Bor­der Res­cue

This au­tumn bor­der could do with a re­vamp, says Ian Hodg­son. Here’s how to add some sea­sonal piz­zazz

Garden Answers (UK) - - Problems Solved -

QHow can I in­tro­duce more colour into my bor­der in au­tumn?

THIS SHAPELY BOR­DER has a lot go­ing for it: bushy ever­green Artemisia vul­garis ‘Var­ie­gata’ (our na­tive mug­wort) is flanked by a small stripy yucca and the vi­brant red berries of Co­toneaster hor­i­zon­talis. Yet th­ese three in­gre­di­ents seem a lit­tle dis­con­nected – largely be­cause the creamy yel­low var­ie­ga­tion of the artemisia has faded by au­tumn, and yel­low po­ten­tilla, prim­ula and pe­ony flow­ers are ab­sent. In­stead the hand­some ber­ge­nia picks up the red tones of the co­toneaster berries, so I’d fo­cus on boost­ing the sea­son’s reds and golds. The var­ie­gated yucca seems to be strug­gling in this part-shady spot, so you could re­place it with phormium ‘Yel­low Wave’ – a more ar­chi­tec­tural plant (H and S1.5m/5ft), it bet­ter tol­er­ates shade. I know it’s border­line sac­ri­le­gious, but I also think the tree pe­ony could be moved else­where. Its golden May flow­ers are lovely but too brief; think how much bolder a red-stemmed cor­nus would look here. Af­ter its shim­mer­ing gold leaves have fallen in late au­tumn, those fiery red stems would pick up on the co­toneaster berries to the right. I’d also rec­om­mend re­plac­ing the artemisia with a more vi­va­cious and sea­son­ally in­ter­est­ing shrub. Oak-leaved Hy­drangea quer­ci­fo­lia would work, of­fer­ing white flow­ers from mid to late sum­mer fol­lowed by dra­matic red leaves and parch­ment­brown seed­heads for win­ter in­ter­est. In the fore­ground, the tan­gle of ground­cover plants – vi­ola, prim­ula and po­ten­tilla – all look a bit non­de­script in au­tumn. How about a mix of red and gold heucheras, hakonechloa ‘Ni­co­las’ and ever­green ferns for an at­trac­tive range of fo­liage colours and shapes? For good mea­sure, pop in a pur­ple hy­lotele­phium such as ‘José Aubergine’. I’d leave the co­toneaster and ber­ge­nia in situ – they’re both good-value plants ideal for a small gar­den, bring­ing re­li­able au­tumn and win­ter in­ter­est year af­ter year with­out look­ing dreary.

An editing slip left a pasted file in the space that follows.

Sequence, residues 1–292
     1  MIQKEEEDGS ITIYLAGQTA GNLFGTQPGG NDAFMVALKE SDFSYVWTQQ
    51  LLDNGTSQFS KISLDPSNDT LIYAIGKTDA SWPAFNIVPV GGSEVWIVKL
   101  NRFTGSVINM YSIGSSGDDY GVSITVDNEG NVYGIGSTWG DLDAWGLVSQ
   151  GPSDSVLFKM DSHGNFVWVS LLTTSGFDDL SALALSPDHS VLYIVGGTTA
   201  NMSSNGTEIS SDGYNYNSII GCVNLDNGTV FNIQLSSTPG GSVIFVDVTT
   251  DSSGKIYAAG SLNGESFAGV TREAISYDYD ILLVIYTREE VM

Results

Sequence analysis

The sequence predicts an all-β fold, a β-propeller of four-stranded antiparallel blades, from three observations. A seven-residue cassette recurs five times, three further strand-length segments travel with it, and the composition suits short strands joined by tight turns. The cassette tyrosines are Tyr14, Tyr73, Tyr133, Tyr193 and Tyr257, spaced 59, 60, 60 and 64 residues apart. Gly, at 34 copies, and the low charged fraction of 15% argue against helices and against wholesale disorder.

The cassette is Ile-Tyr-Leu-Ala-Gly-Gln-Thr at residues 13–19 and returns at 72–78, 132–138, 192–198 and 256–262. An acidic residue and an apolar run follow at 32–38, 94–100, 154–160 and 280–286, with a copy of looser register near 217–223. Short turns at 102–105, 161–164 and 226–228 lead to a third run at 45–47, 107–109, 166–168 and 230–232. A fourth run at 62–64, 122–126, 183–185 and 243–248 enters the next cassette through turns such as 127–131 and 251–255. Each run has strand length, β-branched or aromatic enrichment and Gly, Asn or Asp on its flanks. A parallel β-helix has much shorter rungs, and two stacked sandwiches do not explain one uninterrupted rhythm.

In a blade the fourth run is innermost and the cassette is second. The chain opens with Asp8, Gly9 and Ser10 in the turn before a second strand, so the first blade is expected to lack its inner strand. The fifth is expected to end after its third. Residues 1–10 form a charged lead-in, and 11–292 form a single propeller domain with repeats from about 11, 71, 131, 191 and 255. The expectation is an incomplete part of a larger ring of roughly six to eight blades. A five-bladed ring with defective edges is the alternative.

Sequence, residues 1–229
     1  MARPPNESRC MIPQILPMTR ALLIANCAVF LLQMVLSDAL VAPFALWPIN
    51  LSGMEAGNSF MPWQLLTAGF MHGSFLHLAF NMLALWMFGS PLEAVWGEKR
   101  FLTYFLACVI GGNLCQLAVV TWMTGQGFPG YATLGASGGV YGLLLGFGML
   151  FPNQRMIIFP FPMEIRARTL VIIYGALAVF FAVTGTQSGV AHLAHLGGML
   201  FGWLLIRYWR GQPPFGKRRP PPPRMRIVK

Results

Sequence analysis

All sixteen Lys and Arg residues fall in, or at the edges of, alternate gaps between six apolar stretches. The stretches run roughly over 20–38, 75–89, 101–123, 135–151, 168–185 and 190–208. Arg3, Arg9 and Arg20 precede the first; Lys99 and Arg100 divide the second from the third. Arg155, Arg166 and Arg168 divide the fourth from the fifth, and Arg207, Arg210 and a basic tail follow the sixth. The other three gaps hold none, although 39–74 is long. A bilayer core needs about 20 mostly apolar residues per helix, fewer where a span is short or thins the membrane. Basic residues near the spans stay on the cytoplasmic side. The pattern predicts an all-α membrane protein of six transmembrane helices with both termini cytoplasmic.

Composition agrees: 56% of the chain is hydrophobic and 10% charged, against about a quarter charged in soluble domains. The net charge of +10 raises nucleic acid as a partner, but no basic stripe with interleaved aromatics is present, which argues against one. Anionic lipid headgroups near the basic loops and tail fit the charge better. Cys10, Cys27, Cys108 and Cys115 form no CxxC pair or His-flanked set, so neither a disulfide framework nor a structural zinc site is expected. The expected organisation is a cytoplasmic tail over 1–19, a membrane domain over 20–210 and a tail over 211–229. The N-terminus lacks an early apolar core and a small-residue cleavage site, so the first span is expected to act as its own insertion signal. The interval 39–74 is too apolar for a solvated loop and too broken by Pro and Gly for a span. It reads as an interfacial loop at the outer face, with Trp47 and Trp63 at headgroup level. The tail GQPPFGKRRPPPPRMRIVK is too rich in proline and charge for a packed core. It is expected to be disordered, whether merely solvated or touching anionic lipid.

Newspapers in English

Newspapers from UK

© PressReader. All rights reserved.